Fund managers are always trying to steal a march on each other with new funds. In the past two months, we have had New Star with its unique international commercial property fund and then most recently, Schroders came along with its climate change fund (due to be launched in September).
New types of funds inevitably come under scrutiny, with questions asked on whether they will they live up to their billings? Many never do, of course.
When Skandia launched its innovative global best ideas fund last summer, it had all the ingredients of a marketing man’s dream and it had the good fortune to have the backing of one of the industry’s most colourful character’s in John Duffield. Perhaps not surprisingly, some advisers and rivals were quick to dismiss it as nothing but a gimmick but one year on, it would appear that the cynics were premature in their judgments.
To recap, the rationale behind the fund was to select 10 highly rated managers, take just their 10 best stock ideas and combine them into a single fund. They would be able to hold up to 25 per cent in a single stock and to move up to 25 per cent into cash if they felt it necessary.
Aside from the “marketing froth” swipes, some IFAs feared it could be a mismatch of styles while its risk profile could be high because it is potentially 100 per cent invested in equities, with 50 per cent overseas.
Another issue raised was what would happen if several of the managers choose the same stock, leading to excessive exposure within the portfolio. Doubters were also concerned about the cost. The total expense ratio on global best ideas was 2.5 per cent a year while UK best ideas had a TER of 2.45 per cent at least 50 basis points above the most funds.
The Skandia vehicles would have to add value if they were to justify the high charges, the doubters proclaimed.
But Skandia gave itself every chance of defying the cynics by assembling a decent team of managers, all of whom were held in high regard. They were Stephen Whittaker (New Star), Mark Tyndall (Artemis), Richard Plackett (MLIM), Ashley Willing (Gartmore) Roger Whiteoak (Axa Framlington), Tom Walker (Martin Currie), Crispin Odey (Odey), Angus Tulloch (First State), Nathan Gibbs (Schroders) and Hugh Young (Aberdeen) and, 12 months on, they remain in situ.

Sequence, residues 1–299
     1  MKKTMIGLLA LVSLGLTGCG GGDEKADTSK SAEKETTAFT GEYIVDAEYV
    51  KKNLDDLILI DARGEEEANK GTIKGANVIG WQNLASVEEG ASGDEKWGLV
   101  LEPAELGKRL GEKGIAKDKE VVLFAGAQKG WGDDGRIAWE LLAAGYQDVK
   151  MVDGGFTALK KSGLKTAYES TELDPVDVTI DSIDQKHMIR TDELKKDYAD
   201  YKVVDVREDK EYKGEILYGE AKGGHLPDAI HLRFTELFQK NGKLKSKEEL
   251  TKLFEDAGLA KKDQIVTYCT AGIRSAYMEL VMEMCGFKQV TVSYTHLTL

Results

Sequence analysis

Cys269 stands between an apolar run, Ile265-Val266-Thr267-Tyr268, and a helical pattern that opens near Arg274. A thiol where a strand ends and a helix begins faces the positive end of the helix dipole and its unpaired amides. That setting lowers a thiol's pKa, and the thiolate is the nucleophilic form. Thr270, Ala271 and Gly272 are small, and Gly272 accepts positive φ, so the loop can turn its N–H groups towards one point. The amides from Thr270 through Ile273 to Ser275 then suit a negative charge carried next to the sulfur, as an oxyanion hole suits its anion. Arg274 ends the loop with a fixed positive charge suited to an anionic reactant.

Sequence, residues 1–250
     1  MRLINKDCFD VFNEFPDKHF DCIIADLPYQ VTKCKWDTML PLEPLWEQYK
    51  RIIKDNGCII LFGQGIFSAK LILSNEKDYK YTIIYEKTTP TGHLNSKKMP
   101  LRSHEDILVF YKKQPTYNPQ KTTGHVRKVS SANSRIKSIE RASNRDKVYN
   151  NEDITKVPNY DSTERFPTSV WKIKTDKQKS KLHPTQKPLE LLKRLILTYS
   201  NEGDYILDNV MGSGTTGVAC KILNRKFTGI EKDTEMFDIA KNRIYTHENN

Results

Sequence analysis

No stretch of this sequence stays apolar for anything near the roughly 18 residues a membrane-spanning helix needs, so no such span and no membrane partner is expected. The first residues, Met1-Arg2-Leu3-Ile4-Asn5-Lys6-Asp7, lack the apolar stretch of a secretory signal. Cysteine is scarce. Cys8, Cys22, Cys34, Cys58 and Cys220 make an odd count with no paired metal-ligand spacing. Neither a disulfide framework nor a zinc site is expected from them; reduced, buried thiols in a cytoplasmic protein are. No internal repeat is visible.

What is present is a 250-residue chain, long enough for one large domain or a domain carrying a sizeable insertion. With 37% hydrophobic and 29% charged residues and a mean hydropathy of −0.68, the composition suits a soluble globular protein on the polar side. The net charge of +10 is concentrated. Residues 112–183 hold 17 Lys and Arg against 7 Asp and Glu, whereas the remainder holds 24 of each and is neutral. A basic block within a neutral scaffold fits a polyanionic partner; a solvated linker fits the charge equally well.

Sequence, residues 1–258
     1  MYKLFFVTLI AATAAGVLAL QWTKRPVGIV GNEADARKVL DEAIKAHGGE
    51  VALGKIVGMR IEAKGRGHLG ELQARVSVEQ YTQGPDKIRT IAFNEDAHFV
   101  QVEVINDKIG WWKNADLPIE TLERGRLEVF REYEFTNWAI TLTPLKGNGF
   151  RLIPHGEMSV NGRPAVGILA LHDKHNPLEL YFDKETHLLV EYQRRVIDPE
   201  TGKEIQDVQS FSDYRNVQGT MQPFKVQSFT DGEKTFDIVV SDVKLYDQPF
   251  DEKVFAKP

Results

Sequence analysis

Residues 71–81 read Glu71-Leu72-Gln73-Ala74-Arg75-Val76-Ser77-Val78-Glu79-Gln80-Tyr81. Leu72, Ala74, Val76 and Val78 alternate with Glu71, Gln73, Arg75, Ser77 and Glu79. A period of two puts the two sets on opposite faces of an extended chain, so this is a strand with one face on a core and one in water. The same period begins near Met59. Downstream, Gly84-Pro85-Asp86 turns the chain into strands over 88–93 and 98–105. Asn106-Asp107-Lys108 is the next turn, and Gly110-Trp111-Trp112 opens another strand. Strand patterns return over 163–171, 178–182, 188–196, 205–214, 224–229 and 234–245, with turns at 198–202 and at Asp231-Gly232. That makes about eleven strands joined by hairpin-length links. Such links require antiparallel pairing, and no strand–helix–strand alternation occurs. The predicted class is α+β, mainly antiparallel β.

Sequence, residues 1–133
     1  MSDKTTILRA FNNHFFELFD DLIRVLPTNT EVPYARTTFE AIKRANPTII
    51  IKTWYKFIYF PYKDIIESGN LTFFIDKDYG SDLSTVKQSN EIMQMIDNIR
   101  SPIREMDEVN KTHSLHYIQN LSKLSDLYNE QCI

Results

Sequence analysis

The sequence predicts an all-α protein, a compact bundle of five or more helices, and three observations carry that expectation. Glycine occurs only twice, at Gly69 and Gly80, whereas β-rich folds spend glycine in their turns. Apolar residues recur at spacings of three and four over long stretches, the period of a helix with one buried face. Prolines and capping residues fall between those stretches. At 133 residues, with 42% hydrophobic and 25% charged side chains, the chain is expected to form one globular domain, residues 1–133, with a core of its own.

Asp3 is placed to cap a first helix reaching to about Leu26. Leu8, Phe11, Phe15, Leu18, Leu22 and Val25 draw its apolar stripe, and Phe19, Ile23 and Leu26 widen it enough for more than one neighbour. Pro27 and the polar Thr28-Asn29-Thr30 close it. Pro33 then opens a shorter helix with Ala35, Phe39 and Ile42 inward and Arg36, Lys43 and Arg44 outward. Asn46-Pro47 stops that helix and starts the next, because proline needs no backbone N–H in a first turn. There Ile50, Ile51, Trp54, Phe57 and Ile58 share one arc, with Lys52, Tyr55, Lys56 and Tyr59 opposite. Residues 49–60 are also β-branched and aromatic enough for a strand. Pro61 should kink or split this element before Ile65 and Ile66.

Skandia also claimed to have measures in place to ensure stock positions do not reach this level and it appears to have been telling the truth. There certainly appears to have been no compromise on style or stock selection.
For the global fund, no one stock has ever been more than 4 per cent of the fund over the past year and no one stock has ever been held by more than three managers at one time. The cash weighting of the fund is currently 5 per cent.
What of performance? Global best ideas launched on June 19, 2006 and by June 11, 2007 had returned 23.74 per cent, ranking it ninth out of 76 funds in the active managed sector, according to Morningstar. The UK fund, which was launched on November 13 last year, has started with a greater gusto. It has returned 12.25 per cent compared with the UK all companies average of 7.87 per cent, placing it firmly in the first quartile.
The best idea concept seems to be working – and it is not just at Skandia. Rensburg is delivering the goods with its best ideas fund – focus trust – using only its own four fund managers – Mark Hall, Colin Morton, Stuart Sharp and Paul Spencer. Each runs a 25 per cent slice of the portfolio. It has returned 22 per cent since launch in September – 8 percentage points above the average and a top quartile performer.
There is a good reason to be extra wary when a new fund comes on the scene and more often than not the cynicism is justified. It is still early days for Skandia. What happens when and if managers move on has yet to be tested. But the 60,000-plus investors who gave best ideas the benefit of doubt have so far been rewarded for their leap of faith.
Paul Farrow is money editor at the Sunday Telegraph.